"In Coatepec, on the way to Tula,
there was living,
there dwelt a woman
by the name of Coatlicue.
She was the mother of the four hundred gods of the
south
and their sister
by name Coyolxauhqui.

Read more...Collapse )
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What do you think about Quetzalcoatl? [25 Jun 2005|01:54pm]

simply_mia
[ mood | curious ]

So what do you think? How do you think the Aztecs came up with such a God? No, really. Do you think they simply imagined his body as a hybrid between a Quetzal bird and a serpent? Or does he look more to you like a man in a flying machine, as some theories say? I'm really interested in your opinions.

12 comments|post comment

best books [11 Jun 2005|12:06pm]

vivianstcloud
[ mood | curious ]

Hi all

I'll throw out a few topics. What books do you think are the best for learning about Aztec mythology? What authors do you like the best? Are they in English/Spanish/Nahuatl?

I'm a big fan of David Carrasco (City of Sacrifice), Miguel Leon-Portilla (Aztec Thought and Culture), and Thelma D. Sullivan (A Scattering of Jade). Any opinions on these authors? Any other ones people like?

What do you think are the most central myths in Aztec Culture?

What are your favorite myths? Your favorite gods and goddesses?

5 comments|post comment

Hey, guys (OT) [11 Jun 2005|12:22pm]

mneiai
[ mood | tired ]

Haven't had much activity lately, so I thought, even though this is off topic, that I'd post it here.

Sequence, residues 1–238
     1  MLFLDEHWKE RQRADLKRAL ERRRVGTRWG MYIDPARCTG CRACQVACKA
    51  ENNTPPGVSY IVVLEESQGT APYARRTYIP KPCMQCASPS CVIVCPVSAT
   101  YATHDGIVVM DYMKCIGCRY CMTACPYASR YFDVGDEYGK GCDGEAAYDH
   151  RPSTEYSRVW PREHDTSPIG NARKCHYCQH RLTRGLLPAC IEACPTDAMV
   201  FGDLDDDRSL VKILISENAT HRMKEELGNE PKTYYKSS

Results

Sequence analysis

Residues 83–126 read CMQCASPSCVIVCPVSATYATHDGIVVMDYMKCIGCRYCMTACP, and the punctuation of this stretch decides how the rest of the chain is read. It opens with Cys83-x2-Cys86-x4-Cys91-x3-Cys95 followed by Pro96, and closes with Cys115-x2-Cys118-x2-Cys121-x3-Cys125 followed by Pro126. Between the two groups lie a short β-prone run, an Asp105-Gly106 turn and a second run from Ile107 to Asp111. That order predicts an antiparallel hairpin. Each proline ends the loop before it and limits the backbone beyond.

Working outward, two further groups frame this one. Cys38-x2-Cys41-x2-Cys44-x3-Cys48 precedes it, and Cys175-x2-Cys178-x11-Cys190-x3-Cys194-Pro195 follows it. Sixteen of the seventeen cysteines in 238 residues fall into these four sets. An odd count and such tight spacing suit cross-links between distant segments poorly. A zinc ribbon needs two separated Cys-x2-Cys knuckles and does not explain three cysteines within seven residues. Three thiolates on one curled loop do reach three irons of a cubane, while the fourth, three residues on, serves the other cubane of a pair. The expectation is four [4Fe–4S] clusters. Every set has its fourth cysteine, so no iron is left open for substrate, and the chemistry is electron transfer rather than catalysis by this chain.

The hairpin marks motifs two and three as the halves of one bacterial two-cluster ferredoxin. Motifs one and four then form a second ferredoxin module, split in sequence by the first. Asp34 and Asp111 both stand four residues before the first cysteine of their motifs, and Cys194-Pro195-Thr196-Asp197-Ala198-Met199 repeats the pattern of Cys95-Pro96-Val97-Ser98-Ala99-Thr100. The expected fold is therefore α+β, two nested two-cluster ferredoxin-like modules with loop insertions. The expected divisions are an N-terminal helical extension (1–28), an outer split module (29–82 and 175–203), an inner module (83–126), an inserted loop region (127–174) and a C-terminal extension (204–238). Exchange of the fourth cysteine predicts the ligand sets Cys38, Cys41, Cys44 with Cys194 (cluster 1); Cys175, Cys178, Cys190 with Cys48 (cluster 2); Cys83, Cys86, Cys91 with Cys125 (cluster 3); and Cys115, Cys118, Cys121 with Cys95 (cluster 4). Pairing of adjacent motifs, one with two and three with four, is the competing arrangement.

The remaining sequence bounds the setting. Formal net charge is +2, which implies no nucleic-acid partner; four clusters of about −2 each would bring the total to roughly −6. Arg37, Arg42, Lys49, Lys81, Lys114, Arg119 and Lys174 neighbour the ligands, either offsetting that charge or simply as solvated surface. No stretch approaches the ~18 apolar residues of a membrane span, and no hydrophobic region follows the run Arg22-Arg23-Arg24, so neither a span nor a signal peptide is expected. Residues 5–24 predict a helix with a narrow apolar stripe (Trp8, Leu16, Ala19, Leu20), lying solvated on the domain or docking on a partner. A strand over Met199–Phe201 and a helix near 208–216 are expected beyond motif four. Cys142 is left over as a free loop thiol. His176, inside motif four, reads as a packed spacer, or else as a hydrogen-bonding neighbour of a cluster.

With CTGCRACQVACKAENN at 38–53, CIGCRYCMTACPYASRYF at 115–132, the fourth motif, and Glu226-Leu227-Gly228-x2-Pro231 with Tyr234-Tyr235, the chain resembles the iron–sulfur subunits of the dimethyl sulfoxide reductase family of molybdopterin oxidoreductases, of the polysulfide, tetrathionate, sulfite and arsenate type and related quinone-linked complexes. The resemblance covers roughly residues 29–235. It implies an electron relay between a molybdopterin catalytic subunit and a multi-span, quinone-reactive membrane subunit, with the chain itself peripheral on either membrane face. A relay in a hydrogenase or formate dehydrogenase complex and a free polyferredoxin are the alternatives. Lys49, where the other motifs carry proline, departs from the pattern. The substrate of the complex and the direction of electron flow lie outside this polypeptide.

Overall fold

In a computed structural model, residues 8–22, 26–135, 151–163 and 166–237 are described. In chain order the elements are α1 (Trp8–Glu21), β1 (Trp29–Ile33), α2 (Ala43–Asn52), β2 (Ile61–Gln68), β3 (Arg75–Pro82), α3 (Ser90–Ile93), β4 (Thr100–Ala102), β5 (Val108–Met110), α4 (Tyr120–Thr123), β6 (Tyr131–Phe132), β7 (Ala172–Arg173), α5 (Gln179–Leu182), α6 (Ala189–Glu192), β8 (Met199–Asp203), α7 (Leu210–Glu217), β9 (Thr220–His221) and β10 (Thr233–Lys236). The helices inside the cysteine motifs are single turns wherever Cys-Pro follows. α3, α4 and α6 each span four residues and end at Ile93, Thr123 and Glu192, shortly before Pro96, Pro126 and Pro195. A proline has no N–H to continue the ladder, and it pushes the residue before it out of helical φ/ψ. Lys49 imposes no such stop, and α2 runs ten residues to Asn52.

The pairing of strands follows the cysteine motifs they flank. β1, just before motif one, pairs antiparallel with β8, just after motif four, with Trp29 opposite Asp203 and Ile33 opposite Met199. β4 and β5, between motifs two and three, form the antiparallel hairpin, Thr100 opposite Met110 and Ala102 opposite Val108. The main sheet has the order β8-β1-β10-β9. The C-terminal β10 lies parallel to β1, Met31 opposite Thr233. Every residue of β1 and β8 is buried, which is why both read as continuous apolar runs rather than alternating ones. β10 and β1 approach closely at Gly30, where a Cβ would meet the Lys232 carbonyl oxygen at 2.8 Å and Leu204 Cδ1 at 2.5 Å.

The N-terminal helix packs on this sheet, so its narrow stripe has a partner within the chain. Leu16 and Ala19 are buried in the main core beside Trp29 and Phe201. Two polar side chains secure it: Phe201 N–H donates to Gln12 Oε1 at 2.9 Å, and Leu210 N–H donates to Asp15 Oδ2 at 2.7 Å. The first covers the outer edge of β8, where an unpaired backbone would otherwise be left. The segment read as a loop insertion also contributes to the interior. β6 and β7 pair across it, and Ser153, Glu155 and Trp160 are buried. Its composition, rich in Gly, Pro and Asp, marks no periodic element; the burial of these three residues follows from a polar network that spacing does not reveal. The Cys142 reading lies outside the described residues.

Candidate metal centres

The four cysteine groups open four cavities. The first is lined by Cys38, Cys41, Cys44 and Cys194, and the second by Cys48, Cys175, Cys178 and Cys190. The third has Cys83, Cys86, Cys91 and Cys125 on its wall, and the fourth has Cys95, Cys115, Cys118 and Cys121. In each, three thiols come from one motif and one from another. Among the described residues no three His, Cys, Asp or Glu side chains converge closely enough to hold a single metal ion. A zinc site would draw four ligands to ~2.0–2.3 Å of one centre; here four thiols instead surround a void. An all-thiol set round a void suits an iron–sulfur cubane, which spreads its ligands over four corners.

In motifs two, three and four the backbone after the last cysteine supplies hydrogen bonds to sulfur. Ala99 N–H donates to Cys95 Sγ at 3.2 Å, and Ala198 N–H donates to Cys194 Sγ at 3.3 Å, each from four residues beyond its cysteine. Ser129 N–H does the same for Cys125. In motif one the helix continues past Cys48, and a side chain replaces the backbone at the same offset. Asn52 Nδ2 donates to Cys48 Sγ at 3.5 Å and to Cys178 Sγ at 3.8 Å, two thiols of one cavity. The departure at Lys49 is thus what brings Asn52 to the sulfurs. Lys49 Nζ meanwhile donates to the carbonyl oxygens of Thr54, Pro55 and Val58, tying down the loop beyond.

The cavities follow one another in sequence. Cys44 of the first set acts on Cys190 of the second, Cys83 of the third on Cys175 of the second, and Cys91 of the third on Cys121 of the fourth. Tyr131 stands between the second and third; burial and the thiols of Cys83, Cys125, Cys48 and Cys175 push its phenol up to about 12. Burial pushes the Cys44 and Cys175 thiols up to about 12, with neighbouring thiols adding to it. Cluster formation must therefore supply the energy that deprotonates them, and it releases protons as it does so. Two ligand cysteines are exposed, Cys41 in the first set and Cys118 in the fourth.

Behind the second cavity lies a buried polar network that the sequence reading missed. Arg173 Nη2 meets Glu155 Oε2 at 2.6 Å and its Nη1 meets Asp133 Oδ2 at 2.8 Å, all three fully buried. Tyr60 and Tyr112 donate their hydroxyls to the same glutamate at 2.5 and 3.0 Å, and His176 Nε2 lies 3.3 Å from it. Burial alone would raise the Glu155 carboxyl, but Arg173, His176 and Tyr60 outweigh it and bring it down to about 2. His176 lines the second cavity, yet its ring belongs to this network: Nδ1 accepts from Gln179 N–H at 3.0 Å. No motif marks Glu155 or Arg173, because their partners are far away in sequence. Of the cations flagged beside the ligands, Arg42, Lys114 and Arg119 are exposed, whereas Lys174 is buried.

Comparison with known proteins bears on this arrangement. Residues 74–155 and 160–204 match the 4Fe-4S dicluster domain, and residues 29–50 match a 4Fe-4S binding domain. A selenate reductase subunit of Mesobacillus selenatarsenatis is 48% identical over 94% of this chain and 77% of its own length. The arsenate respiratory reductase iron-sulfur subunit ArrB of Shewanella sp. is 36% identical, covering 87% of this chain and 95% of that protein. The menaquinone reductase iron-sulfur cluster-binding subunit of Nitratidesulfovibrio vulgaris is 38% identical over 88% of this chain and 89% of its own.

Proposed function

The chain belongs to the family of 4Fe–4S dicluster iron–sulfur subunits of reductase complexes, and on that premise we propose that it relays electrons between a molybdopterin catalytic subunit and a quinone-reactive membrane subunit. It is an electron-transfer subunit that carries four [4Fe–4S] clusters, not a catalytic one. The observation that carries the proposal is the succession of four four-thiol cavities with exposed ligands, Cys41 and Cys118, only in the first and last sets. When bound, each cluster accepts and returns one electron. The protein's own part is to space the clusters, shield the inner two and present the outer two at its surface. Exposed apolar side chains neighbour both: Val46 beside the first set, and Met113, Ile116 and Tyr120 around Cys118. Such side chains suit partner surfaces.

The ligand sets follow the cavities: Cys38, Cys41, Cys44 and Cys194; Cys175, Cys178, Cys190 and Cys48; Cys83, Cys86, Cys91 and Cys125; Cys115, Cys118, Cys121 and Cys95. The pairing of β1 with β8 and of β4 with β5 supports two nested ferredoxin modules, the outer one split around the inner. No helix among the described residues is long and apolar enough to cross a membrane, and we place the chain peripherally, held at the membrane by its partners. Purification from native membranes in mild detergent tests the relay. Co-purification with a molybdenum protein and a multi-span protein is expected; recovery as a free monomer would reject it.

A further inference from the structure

My reasoning is that they're trying to create a "pictoral" language so that people who speak different languages can interact better. It's called IKU.

Anyway, it's a program/website where you can create a cat/dog that walks around your screen, you feed it, clothe it, and it can visit other people. It's like the Word paperclip mixed with a Tamagotchi. Very fun.

Image hosted by Photobucket.com

Please put mneiai as the person who invited you.

And...let's try to think of something on topic to talk about, maybe?

5 comments|post comment

[25 May 2005|11:44am]

ladyarwen241
[ mood | awake ]

Hi all!i just joined here and thought it was better to introduce myself...Im from Italy and only recently fell in love with LatinAmerican history, mythology, literature,culture, in a word..EVERYTHING and all thanks to a course in HispanoAmerican literature im takin at uni this year...i still dont know much about Aztec mythology but im goin to study more about it for sure!

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[11 Jan 2005|03:27am]

abstrak_tokatl
Hi, my name is Tokatl. And i'm an Azteca decendant.
2 comments|post comment

[14 Oct 2004|02:57pm]
miss_serpentine
So, it's a little quiet in here. Here are some sketches I did. Some of them are really more Mayan-looking, but I'm rather fond of them.

I drew these in my notes for Archaeology of Mesoamerica. It's hard to pay attention, as my professor's teaching style is totally incoherent and illogical.

Feathers and beads of jadeCollapse )
4 comments|post comment

Hello! [15 Sep 2004|02:51pm]
miss_serpentine
Hi all-

I'm a second-year archaeology major. I'm looking to specialize in Mesoamerican civilizations. And I'm currently taking an Archaeology of Mesoamerica class.

Just thought I'd say hi.

Anyway, if anyone would like icons of Aztec/Maya deities, just let me know what god or goddess you'd like, and maybe a color or theme or caption if you want. I'd be happy to make it for you!
3 comments|post comment